Depending on how you feel about these things, this will be good or bad news. Well … it’s not great news either way. You might as well get in the spirit of things, though, and go down to the maritime museum.

Near the museum, in the park, there are already three vessels you can check out, each held up by supports in its own waterless pit. The first of these is a reproduction of a caravel. I assume it’s a Portuguese caravel (Note: You have to assume much when visiting Meriken Park and the maritime museum, because there is very, very little written in anything but Japanese) because at the time caravels were sailing the ocean blue, the Portuguese made contact with Japan and traded with them until the Westerners and their pesky religion were thrown out. Anyway, the caravel is interesting, if you’re interested in old ships, which I am. When you’re standing next to it (regrettably, you can’t go on it), you have to wonder how Columbus ever had the guts to get into one of these things and sail toward the end of the world. It’s really small.

Near the caravel is a kind of hydrofoil that looks appropriately fast, and next to that is the Yamato 1, a “superconducting propulsion ship.” The Yamato 1 must have been designed by whoever put together the models for the old Thunderbirds TV show. It’s a big, hulking thing with bulging bits underneath and an ultra-cool glass cockpit that could contain the whole Thunderbirds cast, even if they were life-size. I used to have a bunch of Thunderbirds toys and none of them were as cool as this thing.

Impatient to get more information on this monster, I entered the maritime museum, much of which is taken up by a rather unmaritime playground. It’s a nice indoor playground, though, featuring a psychedelic mushroom-type slide. Why it’s there I have no idea. Behind the slide is a 9-meter model of the HMS Rodney, flagship of the British fleet that sailed into Yokohama harbor to help the Americans convince the shogun that 200 years of isolation was one year too many and wouldn’t you like to open up your market to trade so we don’t blow you to hell with all these guns?

The rest of the maritime museum consists essentially of models of cargo ships—models of warships being politically incorrect in the extreme. If, like me, you spent a fair amount of your childhood building models, then you will find this fascinating, despite the fact that cargo ships are probably not what you were building. If, however, you are not enthralled by models of container ships and tankers, then you might be less than captivated, despite the big diorama of the Kobe container port with lights that blink and flash when you press the different buttons.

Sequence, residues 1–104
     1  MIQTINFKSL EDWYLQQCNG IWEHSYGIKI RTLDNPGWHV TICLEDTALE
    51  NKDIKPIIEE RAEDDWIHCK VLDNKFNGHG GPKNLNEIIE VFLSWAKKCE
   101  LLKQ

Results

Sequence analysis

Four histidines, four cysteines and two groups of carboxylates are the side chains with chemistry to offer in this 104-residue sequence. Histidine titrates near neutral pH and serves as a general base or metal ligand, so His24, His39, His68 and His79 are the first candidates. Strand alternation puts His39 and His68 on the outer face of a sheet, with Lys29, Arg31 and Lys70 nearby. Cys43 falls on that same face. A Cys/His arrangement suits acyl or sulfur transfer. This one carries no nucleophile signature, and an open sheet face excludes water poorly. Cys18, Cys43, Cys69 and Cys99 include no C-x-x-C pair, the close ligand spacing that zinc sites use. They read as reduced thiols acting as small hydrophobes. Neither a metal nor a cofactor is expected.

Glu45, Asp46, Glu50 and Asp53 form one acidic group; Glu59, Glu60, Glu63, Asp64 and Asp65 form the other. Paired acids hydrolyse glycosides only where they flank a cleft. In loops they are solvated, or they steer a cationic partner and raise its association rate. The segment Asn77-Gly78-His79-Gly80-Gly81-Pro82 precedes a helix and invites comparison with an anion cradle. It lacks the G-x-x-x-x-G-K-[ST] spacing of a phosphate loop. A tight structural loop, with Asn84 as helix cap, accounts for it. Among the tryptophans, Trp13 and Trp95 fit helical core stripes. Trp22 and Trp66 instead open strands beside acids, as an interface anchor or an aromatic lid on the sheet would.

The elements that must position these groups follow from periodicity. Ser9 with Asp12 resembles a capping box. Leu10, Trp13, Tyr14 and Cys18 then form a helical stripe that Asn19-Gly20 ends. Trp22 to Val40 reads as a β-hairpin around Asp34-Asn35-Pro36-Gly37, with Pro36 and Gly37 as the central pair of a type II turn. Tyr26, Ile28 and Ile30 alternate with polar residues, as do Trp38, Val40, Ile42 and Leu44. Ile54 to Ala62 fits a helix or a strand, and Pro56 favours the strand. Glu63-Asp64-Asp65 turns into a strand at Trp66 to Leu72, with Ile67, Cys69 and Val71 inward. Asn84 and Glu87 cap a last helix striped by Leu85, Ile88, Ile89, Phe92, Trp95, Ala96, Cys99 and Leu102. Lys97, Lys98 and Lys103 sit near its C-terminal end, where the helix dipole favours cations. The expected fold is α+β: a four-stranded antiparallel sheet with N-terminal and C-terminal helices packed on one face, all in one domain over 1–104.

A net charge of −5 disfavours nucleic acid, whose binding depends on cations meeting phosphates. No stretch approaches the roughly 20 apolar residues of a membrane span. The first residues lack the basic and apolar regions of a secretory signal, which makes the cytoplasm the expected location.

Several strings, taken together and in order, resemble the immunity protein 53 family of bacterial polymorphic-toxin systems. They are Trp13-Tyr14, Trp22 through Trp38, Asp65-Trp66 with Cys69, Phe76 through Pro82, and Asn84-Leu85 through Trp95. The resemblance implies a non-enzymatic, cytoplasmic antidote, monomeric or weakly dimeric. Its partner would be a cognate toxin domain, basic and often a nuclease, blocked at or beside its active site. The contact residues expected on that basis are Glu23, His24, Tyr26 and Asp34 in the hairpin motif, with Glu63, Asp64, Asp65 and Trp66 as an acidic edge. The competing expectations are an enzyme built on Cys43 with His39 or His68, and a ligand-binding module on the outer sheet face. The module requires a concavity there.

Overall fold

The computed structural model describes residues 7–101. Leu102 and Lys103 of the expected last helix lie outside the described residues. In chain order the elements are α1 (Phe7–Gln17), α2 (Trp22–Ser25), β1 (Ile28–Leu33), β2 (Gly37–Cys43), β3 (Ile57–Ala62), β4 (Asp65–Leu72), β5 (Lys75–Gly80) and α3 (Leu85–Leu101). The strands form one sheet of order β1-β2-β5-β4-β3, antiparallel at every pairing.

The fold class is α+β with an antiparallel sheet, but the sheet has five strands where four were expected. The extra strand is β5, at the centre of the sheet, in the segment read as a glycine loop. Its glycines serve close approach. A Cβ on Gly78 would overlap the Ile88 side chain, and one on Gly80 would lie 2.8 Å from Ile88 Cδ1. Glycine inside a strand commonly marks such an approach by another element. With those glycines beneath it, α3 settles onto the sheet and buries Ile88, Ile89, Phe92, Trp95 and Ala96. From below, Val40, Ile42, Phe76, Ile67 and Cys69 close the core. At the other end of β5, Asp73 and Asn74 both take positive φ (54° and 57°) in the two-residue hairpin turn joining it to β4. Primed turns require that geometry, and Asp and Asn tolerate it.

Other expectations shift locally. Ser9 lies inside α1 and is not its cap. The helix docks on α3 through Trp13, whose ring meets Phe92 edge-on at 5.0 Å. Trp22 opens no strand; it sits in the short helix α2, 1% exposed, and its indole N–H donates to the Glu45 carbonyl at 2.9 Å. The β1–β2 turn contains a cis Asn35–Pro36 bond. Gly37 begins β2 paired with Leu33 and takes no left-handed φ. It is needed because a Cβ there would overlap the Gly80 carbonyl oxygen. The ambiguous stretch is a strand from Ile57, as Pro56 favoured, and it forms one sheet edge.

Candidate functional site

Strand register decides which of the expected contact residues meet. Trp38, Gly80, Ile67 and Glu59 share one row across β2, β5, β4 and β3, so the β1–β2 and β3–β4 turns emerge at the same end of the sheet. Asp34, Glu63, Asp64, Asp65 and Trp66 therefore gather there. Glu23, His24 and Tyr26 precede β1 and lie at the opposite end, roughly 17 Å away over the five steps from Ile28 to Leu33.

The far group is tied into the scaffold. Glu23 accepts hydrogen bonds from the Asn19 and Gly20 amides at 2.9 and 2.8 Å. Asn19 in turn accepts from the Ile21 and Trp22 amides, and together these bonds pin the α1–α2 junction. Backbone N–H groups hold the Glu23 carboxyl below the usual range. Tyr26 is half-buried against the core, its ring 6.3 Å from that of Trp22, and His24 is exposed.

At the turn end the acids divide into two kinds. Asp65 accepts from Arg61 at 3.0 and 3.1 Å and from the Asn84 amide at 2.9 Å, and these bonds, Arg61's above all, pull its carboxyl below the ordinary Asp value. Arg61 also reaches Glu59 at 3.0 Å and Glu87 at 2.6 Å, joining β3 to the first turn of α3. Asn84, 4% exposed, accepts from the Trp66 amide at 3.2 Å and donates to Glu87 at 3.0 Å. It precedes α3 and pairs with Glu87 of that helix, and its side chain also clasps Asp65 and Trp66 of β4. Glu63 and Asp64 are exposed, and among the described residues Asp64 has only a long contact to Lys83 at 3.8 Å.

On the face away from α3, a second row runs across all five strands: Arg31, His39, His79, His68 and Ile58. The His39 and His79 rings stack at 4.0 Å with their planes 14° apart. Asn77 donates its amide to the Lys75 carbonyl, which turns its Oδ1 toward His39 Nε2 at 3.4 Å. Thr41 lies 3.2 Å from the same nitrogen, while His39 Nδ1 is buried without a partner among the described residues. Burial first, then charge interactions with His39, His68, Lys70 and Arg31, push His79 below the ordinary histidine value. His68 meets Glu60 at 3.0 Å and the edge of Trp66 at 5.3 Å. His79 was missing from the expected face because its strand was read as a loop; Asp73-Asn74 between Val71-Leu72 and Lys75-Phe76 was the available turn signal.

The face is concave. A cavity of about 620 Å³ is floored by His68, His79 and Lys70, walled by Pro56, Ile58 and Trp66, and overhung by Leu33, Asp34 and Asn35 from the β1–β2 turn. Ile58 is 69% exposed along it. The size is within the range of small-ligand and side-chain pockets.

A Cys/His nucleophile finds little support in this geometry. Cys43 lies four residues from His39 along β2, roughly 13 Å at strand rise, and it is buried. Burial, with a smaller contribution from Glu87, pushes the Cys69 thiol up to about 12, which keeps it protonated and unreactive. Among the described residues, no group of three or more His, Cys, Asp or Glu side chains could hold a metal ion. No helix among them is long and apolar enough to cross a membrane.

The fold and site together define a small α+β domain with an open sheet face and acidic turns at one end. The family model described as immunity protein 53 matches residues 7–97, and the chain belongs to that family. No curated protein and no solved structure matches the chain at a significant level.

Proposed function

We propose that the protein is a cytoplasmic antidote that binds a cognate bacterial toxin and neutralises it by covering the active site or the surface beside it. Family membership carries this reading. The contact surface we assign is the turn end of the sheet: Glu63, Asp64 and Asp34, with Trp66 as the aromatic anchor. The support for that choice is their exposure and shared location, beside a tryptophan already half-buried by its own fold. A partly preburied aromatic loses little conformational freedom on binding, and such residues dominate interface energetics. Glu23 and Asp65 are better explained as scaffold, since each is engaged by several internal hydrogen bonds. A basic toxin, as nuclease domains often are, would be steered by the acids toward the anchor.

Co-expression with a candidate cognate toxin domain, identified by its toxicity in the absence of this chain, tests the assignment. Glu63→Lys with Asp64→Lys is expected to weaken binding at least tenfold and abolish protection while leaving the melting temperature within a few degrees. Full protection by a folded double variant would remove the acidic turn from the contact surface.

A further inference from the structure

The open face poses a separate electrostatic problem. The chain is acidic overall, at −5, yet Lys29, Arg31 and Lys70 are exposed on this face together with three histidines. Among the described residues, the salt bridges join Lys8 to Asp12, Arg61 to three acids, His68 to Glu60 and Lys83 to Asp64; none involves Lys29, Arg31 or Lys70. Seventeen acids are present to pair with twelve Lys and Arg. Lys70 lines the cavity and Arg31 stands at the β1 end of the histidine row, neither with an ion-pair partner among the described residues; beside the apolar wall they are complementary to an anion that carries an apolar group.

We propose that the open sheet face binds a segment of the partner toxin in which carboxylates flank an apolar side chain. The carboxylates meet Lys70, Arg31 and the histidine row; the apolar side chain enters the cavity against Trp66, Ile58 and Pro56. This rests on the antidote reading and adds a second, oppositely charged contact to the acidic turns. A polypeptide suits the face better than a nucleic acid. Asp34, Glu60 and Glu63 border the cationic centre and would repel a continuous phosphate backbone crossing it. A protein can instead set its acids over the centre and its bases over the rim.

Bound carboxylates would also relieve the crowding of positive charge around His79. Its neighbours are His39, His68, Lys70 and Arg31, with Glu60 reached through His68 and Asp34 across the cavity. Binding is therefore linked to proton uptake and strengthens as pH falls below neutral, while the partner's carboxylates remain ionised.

There is also a display about the Yamato 1. Upon recognizing this, I virtually flew to it and watched the little film. The little film is, of course, in Japanese, which means that I only understood when there was a number shown, but I understood enough to learn that the mighty, hulking Yamato 1, on display just outside, could manage only a measly 8 knots! The films of it moving across Kobe Harbor were pitiful—the thing looked positively anemic despite all the hand clapping and shoulder nudging going on in that great glass cockpit. It would seem that, while the propulsion system is revolutionary, relying on quantum mechanics or something, the actual performance is paltry. What a waste of bulbous curves!

My disappointment in the Yamato 1 was somewhat allayed by a very nice evening out with my friend Toshi, who has a favorite restaurant in Kobe to which he has taken me during a number of trips in the past. It’s a small, informal, but deceptively expensive place where you eat traditional Japanese food.

I love traditional Japanese food, especially in Japan, where it tends to be far better than it is elsewhere (the absolute worst example being in Warsaw in 1993; I still haven’t gotten over that meal). The only thing is, you have to be prepared for your food to squirm. In this same restaurant I once saw a Japanese woman kindly request that the chef take away the front part of the lobster we were eating. At the time, we were all partaking of its sliced tail, but the front part of it suddenly started waving its legs at her in either anger or supplication, and, however Japanese she might have been, it was too much for her. On my latest evening with Toshi we had no lobster but we did have, for instance, one large tiger shrimp apiece. These were removed from the tank and began flopping violently as the chef prepared them for us. He cut off their heads (the bit with the legs) and presented us immediately with the flayed tails of the little beasts, which we happily popped into our mouths. Mine immediately did a jig on my tongue, I assume in some postmortem reflex, which caused me to break out in the kind of expression one assumes when one’s food is trying desperately to escape from one’s mouth.

“Fresh!” said Toshi.

“Fresh!” I replied, and bit the little bugger in two.

In the end, a friend, good food, and copious amounts of sake overcame my initial bout of traveling doldrums and I ended up content enough—but I confess that, despite all that, I was happy to leave Kobe for the mystical city of Nara.